Disagreements over interpretation of the Treaty of Gulistan and agitation by some `ulama’. (religious scholars) led to a second Russo-Iranian War (1826-1828). The Russian victory in 1828 was incorporated into the Treaty of Turkomanchai, which gave Russia more territory, a cash indemnity, extraterritorial rights, and a 5 percent limit on import tariffs, with no internal duties allowed. These provisions, similar to those exacted in the nineteenth century by Western powers on other undeveloped countries, put Iranian merchants, who had to pay internal duties, at a disadvantage. In later decades these provisions were extended to the other European powers by “most favored nation” clauses in treaties.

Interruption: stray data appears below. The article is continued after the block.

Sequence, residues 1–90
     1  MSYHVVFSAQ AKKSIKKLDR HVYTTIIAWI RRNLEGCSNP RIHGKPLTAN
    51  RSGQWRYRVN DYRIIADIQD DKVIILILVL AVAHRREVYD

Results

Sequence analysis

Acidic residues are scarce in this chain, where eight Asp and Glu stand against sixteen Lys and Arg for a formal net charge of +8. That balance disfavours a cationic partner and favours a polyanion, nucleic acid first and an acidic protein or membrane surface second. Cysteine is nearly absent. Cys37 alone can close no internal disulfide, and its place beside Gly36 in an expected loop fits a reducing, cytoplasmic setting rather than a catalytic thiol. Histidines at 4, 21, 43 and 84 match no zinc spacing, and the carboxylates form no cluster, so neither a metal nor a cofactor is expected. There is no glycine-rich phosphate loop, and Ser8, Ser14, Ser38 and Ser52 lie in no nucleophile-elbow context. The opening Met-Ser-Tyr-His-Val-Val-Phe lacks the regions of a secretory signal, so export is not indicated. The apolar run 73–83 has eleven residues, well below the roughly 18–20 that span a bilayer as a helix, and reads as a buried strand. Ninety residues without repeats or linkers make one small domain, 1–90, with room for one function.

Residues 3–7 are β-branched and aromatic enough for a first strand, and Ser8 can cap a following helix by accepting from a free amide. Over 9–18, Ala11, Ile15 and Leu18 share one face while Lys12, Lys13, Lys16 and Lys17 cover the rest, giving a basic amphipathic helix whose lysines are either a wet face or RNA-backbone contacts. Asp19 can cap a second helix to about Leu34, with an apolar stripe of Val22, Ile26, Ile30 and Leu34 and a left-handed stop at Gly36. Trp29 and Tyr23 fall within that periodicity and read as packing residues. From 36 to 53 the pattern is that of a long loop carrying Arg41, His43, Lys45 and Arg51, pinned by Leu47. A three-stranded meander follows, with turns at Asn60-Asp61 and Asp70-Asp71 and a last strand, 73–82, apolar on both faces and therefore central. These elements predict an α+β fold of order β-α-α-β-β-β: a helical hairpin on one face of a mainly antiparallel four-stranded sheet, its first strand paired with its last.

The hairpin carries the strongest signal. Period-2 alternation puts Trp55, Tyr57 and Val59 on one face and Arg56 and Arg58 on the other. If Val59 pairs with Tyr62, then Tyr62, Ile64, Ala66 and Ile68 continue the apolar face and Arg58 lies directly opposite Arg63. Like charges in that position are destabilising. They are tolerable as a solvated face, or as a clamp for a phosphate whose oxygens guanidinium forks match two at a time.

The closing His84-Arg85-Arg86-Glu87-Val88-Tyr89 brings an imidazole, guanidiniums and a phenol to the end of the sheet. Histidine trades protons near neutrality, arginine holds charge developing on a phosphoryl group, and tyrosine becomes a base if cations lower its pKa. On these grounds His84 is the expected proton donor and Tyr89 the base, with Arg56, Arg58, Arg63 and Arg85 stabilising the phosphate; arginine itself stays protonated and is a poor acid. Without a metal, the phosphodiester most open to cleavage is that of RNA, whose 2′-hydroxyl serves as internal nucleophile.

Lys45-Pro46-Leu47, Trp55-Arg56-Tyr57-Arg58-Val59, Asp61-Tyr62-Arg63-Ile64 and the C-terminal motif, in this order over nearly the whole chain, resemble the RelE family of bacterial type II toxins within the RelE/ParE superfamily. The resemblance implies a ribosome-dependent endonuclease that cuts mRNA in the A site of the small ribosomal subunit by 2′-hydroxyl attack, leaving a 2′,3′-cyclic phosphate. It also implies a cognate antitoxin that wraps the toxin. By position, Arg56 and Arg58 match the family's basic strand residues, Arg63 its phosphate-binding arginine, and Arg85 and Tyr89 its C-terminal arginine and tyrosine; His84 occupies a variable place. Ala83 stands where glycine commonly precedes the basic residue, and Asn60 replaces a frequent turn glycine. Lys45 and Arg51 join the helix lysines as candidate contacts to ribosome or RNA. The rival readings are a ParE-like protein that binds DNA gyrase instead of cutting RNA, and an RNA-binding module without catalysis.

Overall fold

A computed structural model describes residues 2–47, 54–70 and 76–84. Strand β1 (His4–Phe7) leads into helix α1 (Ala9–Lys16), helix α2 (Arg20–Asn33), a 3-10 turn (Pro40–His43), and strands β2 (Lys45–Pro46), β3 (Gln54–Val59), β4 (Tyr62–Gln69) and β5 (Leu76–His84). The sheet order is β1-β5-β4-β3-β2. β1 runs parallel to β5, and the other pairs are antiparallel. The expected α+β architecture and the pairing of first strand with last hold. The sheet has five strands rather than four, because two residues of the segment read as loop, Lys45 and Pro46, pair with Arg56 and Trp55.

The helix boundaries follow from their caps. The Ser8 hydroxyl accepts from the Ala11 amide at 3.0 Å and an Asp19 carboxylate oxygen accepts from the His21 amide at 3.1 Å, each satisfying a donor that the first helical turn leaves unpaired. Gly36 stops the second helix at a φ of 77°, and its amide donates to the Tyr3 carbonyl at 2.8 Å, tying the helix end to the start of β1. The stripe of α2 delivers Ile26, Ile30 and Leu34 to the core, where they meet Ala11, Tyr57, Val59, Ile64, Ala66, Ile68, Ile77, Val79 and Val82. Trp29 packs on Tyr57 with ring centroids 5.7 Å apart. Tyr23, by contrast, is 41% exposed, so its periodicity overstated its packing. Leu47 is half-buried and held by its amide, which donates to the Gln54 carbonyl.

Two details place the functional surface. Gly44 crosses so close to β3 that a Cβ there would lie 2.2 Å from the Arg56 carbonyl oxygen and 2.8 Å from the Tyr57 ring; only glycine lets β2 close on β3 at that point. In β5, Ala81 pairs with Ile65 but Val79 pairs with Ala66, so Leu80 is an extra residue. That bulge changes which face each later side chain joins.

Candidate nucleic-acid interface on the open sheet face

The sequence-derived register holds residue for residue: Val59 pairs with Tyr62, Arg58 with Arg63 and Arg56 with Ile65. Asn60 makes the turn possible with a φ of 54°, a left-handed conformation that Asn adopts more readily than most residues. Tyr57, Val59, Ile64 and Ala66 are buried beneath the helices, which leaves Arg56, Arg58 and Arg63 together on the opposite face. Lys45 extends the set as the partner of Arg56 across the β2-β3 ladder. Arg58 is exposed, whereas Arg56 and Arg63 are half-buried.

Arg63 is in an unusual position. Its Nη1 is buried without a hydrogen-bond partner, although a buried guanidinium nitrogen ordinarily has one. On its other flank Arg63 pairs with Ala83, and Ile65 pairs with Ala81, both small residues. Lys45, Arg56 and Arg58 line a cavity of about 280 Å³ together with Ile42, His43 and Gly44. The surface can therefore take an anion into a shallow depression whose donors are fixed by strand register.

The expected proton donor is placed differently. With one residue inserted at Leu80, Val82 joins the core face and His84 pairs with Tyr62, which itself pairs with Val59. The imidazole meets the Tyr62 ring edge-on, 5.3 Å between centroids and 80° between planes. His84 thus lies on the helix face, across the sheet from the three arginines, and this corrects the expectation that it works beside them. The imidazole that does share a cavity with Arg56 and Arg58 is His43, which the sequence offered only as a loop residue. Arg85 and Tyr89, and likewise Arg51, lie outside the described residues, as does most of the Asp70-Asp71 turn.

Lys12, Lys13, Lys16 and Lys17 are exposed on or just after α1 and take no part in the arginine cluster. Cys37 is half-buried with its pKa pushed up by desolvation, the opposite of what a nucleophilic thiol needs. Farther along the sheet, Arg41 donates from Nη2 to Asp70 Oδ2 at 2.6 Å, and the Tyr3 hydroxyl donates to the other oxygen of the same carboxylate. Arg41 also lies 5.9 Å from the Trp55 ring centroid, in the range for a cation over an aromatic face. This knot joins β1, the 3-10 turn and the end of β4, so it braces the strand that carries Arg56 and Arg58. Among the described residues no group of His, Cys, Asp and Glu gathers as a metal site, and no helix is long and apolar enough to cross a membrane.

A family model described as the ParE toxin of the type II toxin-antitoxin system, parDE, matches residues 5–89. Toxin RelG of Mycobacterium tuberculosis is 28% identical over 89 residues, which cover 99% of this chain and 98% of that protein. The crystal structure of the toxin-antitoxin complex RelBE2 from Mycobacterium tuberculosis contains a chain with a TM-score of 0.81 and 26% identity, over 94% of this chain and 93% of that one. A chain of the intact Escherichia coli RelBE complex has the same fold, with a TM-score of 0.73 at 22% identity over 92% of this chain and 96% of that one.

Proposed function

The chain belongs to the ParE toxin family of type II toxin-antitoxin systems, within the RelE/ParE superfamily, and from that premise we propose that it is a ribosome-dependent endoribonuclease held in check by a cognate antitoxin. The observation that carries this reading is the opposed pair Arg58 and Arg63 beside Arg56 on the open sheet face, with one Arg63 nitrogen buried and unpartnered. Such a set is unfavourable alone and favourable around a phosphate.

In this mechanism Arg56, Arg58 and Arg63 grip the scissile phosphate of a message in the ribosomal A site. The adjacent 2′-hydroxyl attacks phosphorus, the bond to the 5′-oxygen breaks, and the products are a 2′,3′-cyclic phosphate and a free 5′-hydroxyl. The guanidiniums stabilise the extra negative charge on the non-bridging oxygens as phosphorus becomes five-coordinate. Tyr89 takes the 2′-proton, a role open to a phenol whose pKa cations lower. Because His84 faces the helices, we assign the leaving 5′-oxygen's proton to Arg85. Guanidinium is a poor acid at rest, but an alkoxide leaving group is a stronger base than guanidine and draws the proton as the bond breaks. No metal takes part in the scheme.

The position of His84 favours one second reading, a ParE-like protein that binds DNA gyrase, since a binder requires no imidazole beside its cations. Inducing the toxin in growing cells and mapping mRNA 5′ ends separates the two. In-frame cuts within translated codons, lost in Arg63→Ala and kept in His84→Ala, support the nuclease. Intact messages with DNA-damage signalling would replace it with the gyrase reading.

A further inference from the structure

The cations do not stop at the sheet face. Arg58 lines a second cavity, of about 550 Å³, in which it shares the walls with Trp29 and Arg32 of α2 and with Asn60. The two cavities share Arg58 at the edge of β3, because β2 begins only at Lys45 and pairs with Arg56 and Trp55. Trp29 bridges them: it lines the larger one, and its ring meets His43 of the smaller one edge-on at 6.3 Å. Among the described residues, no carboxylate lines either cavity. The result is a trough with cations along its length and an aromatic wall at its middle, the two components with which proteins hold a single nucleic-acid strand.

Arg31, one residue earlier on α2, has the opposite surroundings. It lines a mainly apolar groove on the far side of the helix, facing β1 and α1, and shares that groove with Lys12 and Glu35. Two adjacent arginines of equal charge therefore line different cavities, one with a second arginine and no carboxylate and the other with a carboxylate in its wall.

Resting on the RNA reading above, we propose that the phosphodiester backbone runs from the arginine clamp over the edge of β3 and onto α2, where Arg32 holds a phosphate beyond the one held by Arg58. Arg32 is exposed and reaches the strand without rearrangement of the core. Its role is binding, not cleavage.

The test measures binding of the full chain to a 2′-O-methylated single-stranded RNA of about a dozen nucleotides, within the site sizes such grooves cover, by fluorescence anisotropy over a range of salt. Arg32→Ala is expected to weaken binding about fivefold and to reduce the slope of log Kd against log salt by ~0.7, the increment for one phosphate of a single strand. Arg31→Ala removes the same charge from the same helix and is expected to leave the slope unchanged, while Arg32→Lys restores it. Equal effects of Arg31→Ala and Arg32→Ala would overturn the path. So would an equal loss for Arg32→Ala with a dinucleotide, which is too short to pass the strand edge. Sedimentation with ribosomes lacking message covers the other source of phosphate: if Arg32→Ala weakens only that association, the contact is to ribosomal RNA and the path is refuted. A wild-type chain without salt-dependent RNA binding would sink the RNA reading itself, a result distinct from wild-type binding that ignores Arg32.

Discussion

The killing by an `ulama’-inspired crowd of the Russian envoy Griboyedov in 1829 has been variously interpreted, but clearly it involved a major antiforeign incident and showed independent power by the `ulama’. Under the reign of Muhammad Shah (1834-1848), Western influence grew; there was a revolt by the Isma`ilis, who left for India with their leader, the Aga Khan; and a more important heretical movement, the Babis, began in the 1840s. The succeeding shah, the teenaged Nasir al-Din (1848-1897), brought with him from Tabriz his chief minister, Amir Kabir, Iran’s main reforming leader. Amir Kabir led in suppressing Babi uprisings after the death of Muhammad Shah, and the Bab was executed in 185o. Amir Kabir, also initiated major reforms, such as creating a defense industry to support the military, strengthening the Western training of troops, and forming the first Western-style advanced school for the training of military and governmental figures, the Dar al-Funun. He also cut sinecures and pensions. He made enemies among vested interests, including the powerful queen mother. His enemies convinced the shah to have him removed from office in 1851 and to have him killed in 1852. Most of his reforms were reversed, and the few later reformers were also largely unsuccessful. [See Ismd’lliyah; Babism.]